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    Do any of the other roommates have Special Powers (or might they develop them, like in Buffy the Vampire Slayer, of course it starts with the title name and skill, but also Willow grew from Research Person to Magic User, Giles was a different type of Watcher...) If not, then it seems like it's 1 Main Character and 3 supporting characters. (So they're there to help show something about the Vampira, like Faith's disposable Watchers). If they each have a thing (werewolf, mummy, ghost?) , then there's probably more chance for balance. Commented Mar 8, 2019 at 16:32
  • Many hew to the idea that it is best to "let the character write the story."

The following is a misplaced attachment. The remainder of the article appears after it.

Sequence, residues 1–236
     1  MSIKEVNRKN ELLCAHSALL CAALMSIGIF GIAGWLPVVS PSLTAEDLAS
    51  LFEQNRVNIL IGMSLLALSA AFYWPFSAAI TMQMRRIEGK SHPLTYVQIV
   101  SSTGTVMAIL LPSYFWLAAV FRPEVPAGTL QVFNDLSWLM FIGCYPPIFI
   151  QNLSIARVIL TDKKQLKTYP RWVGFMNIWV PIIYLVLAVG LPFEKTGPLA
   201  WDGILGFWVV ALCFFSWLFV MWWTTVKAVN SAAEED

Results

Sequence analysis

– DukeZhou
    Commented Mar 8, 2019 at 21:51
  • @April There was a werewolf girl, an ifrit girl, and the POV girl was vanilla, and rather surprised by it all. Commented Mar 8, 2019 at 22:56
  • If you're stuck with a character who steals every scene, stuff her down a lift-shaft. Problem solved.
    – Valorum
    Commented Mar 9, 2019 at 20:36
  • Galastel, I recommend making a discussion chat and linking it for people to talk about your story a bit more vividly. This way, we can find the specific issues and help you smooth them out. Just as a thought. Commented Mar 11, 2019 at 5:55

7 Answers 7


My approach (which I have taken) would be to abandon that story, think much more about Cindy the Vampire, and write a story in which she is the sole hero, and her anger and explosions end up having some positive effect on the world, and she comes to terms with the loss of her old life, and embraces her new life, anger and all. She just learns to channel them into something good. "Angel" the spin-off of Buffy the Vampire Slayer, did something similar.